ChickenBones: A Journal
for Literary & Artistic African-American Themes
Up From Slavery: A Documentary History of Negro Education
Compiled By Rudolph Lewis
Booker T. Washington
Editorial Note on Booker T. Washington’s Concern for the Cummings Case
in Louis R. Harlan, ed., Booker T. Washington Papers (1975), Vol. 4, 1895-1898, p. 437.
Cumming v. Richmond County Board of Education, 175 U.S. 528. Three black parents of Augusta countered the closing of the black high school by seeking an injunction the white high school until the black high school reopened. There had been a black high school until 1897, when the school board closed it, alleging “purely economic reasons.” Instead of housing 60 high school students, the building was used for 300 elementary pupils. The lower court granted an injunction forbidding the school board from operating the white high school until there was an equal black facility. The Georgia Supreme Court (103Ga.641) reversed the lower court decision.
Associate Justice John Marshall Harlan on Dec. 18, 1899, read the unanimous U.S. decision that the issues in the case showed no abridgement of the equal protection clause of the Fourteenth Amendment. The case as presented did not challenge the doctrine of separate but equal, and Harlan argued that the court was forced to rule on the issue presented. “If, in some appropriate proceeding instituted directly for that purpose,” he observed, “the plantiffs had sought to compel the board of education, out of the funds in its hands or under its control to establish and maintain a high school for colored children, and if it appeared that the boards refusal to maintain such a school was in fact an abuse of its discretion and in hostility to the colored population because of their race0, different questions might have arisen in the state court.”
The question at issue, the allocation of funds by the school board, was regarded as a state issue, “and any interference on the part of the Federal authority with the management of such schools cannot be justified except in the case of a clear and unmistakable disregard of rights secured by the supreme law of the land.” Because the decision sanctioned separate and even inferior black schools, it supported the Plessy v. Ferguson doctrine and extended it to include education.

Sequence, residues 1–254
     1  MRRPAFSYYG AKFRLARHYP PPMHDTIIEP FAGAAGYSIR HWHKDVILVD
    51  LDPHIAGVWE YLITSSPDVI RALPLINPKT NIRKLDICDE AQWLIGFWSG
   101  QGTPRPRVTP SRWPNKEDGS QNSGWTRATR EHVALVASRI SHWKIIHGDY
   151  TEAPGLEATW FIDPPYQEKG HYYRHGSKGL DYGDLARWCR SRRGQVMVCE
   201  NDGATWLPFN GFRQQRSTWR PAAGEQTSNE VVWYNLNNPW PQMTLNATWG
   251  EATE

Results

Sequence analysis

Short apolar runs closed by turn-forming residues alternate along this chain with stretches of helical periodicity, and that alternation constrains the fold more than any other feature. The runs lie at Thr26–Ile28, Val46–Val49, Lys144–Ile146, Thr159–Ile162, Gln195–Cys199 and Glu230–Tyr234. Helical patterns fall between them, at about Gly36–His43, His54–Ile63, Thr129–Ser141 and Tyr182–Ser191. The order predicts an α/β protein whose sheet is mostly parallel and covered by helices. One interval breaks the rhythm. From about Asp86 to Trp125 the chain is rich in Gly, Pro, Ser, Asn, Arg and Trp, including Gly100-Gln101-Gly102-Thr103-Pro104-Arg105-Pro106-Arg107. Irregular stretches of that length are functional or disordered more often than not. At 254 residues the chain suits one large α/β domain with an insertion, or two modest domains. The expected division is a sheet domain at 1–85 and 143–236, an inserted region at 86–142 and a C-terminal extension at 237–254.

[Attorneys for the black petitioners failed to ask the Court to order admission of black students at the white high school, and Justice Harlan, speaking for a united Court, said he failed to see how the equal protection provisions of the Fourteenth Amendment would be met by closing the white high school. The Court seemingly agreed with the school board’s argument that a public high school education was not a fundamental right for African American citizens.
The Cummings decision did not go unnoticed in other parts of the country. In 1900, the year after Cummings, the Orleans Parish School Board decided to eliminate all grades beyond the fifth for its colored schools. The board’s educational committee indicated that it was giving up all pretense of creating separate Negro schools identical with white schools, but instead was following the trend of the day in the South to provide Negroes the education which would “fit him and her for that sphere of labor and social position and occupation to which they are best suited and seem ordained by the proper fitness of things.” Given this attitude, it is not surprising that New Orleans did not provide its black citizens with a public high school until 1918.
In 1908, the Supreme Court approved a blatant violation of the Fourteenth Amendment, even as narrowly construed by the Court in the past. The Kentucky legislature passed a law aimed directly at Berea College, a small interracial Presbyterian College. The legislature stipulated that students of different races could only be taught by the same institution if classes were taught separately for each races, at least twenty-five miles apart. Berea sued, but lost.
The Court failed to see any violation because the law did not prevent Berea from teaching students of both races at the same place, as long as they were taught at different times. Nor did it require Berea to discontinue teaching students of the different races at the same time, as long as it was in different places.]
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CUMMING v. BOARD OF ED. OF RICHMOND COUNTY,
175 U.S. 528 (1899)–U.S. Supreme Court–175 U.S. 528
J. W. CUMMING, James S. Harper, and John C. Ladeveze, Plffs. in Err.,
v.COUNTY BOARD OF EDUCATION of Richmond County, State of Georgia.
No. 164.Argued October 30, 1899.Decided December 18, 1899.